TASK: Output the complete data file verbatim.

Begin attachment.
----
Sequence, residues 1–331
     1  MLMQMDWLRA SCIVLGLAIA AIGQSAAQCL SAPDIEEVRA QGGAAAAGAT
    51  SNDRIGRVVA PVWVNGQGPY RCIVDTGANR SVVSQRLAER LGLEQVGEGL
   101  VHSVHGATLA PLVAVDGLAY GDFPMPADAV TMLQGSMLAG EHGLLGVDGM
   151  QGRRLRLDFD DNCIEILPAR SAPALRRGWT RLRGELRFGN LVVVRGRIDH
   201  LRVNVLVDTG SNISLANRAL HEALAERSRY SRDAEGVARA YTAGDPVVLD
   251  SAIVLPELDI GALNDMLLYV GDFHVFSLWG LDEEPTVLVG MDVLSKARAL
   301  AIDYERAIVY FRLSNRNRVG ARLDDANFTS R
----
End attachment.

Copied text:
Sequence, residues 1–331
     1  MLMQMDWLRA SCIVLGLAIA AIGQSAAQCL SAPDIEEVRA QGGAAAAGAT
    51  SNDRIGRVVA PVWVNGQGPY RCIVDTGANR SVVSQRLAER LGLEQVGEGL
   101  VHSVHGATLA PLVAVDGLAY GDFPMPADAV TMLQGSMLAG EHGLLGVDGM
   151  QGRRLRLDFD DNCIEILPAR SAPALRRGWT RLRGELRFGN LVVVRGRIDH
   201  LRVNVLVDTG SNISLANRAL HEALAERSRY SRDAEGVARA YTAGDPVVLD
   251  SAIVLPELDI GALNDMLLYV GDFHVFSLWG LDEEPTVLVG MDVLSKARAL
   301  AIDYERAIVY FRLSNRNRVG ARLDDANFTS R